TYPES OF CONTRACTS
Feb. 4, 2022
In this month’s post, we take a break from discussing business entity types and examine the types of contracts recognized under Texas law. Texas law recognizes several broad types of contracts. Each exists under distinct circumstances and offers a unique theory of liability and recovery.
Express contracts exist under traditional circumstances and are those brought to mind when one hears the word “contract.” Express contracts arise when the contracting parties set forth the agreement’s terms in a written instrument. The document memorializes the parties’ mutual intent to be bound by the contract, and a court need not review the parties’ conduct or other circumstances to infer the parties’ intentions to adhere to the agreement. For example, a written agreement in which one party promises to purchase a vehicle from another party in exchange for money is an express contract. These contracts feature several components, each of which serves a distinct function. Although even express contracts cannot eliminate entirely the risk of disputes and litigation, express contracts often reduce the severity and length of disputes and lawsuits surrounding such agreements thanks to their written nature. The statute of frauds requires that agreements concerning certain subjects, such as real estate transactions, be express contracts. Such agreements otherwise are not enforceable. We will discuss the statute of frauds in greater detail in a separate blog post.
Implied-in-fact contracts differ from express contracts in that the former lacks a written instrument and requires inferences from the facts and circumstances of the case at issue. In the absence of a written contract, the parties’ mutual assent to the agreement must arise from the parties’ acts and conduct. For example, an implied-in-fact contract may exist when a patron walks into a restaurant, sits at a table, and orders food or drinks. The restaurant’s seating the patron and sharing the restaurant’s menu constitutes an offer to sell goods and services; meanwhile, the patron’s sitting at the table, review of the menu and its prices, and order for food and drinks constitute review of the implied-in-fact contract’s terms, agreement to those terms, and acceptance of the restaurant’s offer. This is a simple example, and implied-in-fact contracts are often more complex than this and may demand more thorough examination. Although implied-in-fact contracts constitute true and enforceable contracts, these agreements are often more difficult to prove.
Quasi-Contracts and Implied-in-Law Contracts
Quasi-contracts, also called implied-in-law contracts, represent the largest departure from the traditional notion of a contract and are not traditional agreements at all. The quasi-contract is strictly a legal theory or tool fabricated, imposed, and used by courts in the interest of justice and to prevent an unjust outcome. For example, if a consumer orders a product from an online store, the online store delivers the product to the wrong residence, and the incorrect recipient opens, accepts, and consumes the product even though the incorrect recipient did not order the product, a court may impose a quasi-contract and order the incorrect recipient to pay the cost of the product to the proper recipient or to the store in the interest of justice.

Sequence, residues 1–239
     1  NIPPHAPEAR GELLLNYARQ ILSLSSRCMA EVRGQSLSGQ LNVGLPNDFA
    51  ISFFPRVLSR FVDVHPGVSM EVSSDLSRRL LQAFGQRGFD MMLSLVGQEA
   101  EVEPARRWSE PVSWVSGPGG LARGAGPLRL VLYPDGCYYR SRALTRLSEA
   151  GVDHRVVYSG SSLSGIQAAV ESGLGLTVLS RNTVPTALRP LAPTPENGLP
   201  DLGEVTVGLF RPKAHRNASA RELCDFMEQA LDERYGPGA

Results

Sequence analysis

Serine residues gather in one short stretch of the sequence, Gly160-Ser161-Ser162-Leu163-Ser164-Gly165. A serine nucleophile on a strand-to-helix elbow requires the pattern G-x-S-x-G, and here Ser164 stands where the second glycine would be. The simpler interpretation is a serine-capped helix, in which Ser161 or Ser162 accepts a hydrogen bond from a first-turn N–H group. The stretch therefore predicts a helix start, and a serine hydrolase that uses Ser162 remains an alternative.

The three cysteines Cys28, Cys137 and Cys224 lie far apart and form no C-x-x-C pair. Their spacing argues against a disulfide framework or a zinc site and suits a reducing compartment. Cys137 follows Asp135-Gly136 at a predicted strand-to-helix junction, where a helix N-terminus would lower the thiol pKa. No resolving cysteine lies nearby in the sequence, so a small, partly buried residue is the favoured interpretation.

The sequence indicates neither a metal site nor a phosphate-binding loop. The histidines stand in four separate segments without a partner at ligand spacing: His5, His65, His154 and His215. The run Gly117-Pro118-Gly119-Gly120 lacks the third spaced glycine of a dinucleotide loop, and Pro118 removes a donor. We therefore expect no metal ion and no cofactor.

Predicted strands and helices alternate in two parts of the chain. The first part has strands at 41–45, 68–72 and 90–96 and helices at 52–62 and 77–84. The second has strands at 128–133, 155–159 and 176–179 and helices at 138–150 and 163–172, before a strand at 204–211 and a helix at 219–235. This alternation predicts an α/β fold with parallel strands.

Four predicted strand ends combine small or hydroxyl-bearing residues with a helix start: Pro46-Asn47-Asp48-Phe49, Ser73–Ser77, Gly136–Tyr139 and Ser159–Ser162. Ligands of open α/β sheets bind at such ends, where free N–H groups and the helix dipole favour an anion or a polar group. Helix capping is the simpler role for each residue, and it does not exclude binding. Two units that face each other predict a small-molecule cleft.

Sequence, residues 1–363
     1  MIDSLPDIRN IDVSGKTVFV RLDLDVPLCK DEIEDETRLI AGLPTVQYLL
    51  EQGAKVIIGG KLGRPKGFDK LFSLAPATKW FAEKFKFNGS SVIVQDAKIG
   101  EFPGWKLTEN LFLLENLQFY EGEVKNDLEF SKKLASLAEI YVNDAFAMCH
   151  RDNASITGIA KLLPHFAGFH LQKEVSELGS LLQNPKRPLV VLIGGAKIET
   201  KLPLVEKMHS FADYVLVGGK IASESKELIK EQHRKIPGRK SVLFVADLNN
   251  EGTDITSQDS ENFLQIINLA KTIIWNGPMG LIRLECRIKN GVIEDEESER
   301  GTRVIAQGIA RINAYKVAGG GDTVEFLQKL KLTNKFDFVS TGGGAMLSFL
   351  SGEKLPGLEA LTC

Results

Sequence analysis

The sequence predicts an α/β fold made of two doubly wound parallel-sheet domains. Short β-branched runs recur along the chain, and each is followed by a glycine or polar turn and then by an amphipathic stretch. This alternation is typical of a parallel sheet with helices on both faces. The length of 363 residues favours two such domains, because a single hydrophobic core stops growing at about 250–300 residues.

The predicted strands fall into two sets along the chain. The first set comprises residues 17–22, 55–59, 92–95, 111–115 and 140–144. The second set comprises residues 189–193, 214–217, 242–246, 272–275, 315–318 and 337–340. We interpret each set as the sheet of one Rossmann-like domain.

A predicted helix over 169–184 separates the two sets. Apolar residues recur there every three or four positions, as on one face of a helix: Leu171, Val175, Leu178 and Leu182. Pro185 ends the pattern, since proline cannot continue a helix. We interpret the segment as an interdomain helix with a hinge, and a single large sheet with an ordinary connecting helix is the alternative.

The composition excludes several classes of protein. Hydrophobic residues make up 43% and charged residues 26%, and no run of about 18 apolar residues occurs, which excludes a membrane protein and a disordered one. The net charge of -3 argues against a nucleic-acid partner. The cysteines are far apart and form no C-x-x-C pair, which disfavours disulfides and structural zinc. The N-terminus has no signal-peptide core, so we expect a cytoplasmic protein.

Because quasi-contracts are not traditional contracts at all, they feature several unique characteristics. A quasi-contract may arise and impose obligations even though no promise was ever intended or made between the parties and notwithstanding the parties’ intent. In fact, a party cannot recover under a quasi-contract theory at all if an express or implied-in-fact contract exists on the matter at issue. In our example, a court may impose a quasi-contract between the incorrect recipient and intended recipient and require the former to pay the latter even though the incorrect and intended recipients never entered or even contemplated an agreement.
Unilateral and Bilateral Contracts
A bilateral contract exists where each of two parties is both an obligor and an obligee. In other words, parties form a bilateral contract when each promises something as consideration or compensation for the other. Most traditional contracts that come to mind are bilateral contracts. An employment contract, for example, is a bilateral contract because the employee’s labor benefits the employer and gives rise to the employer’s duty to pay the employee. A contract for the sale and purchase of a vehicle is also a bilateral contract because the buyer promises to pay money for the vehicle and the seller promises to deliver title and possession of the vehicle to the buyer.
In a unilateral contract, only one party promises to perform. Unilateral contracts arise most straightforwardly in the case of rewards and contests. For example, a unilateral contract exists where one person runs an advertisement to pay anyone who finds and returns a missing pet. In this case, only the party running the advertisement promises any performance; no one has promised to find and return the missing pet. The party promising the reward may revoke the offer before a responder performs by returning the pet, and the promising party becomes obligated to pay the reward upon return of the pet.
All of these contracts may be breached, and litigating parties may recover on any of these theories. The recoveries available in each instance vary by the type of contract and vary by the case. We will examine breaches of contract and recoveries for breaches of contract in a separate discussion.
Diab Law Firm, PLLC